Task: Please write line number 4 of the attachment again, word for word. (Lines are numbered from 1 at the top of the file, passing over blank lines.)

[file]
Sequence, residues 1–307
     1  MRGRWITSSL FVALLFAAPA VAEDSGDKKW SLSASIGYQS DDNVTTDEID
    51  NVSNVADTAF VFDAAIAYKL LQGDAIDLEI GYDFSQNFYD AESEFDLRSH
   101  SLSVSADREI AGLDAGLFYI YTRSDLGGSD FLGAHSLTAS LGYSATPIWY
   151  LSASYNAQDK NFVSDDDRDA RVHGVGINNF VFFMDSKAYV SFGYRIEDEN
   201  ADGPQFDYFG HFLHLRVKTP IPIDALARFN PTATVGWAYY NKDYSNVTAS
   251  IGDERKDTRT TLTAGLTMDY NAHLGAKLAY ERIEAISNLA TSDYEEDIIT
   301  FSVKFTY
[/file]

   101  SLSVSADREI AGLDAGLFYI YTRSDLGGSD FLGAHSLTAS LGYSATPIWY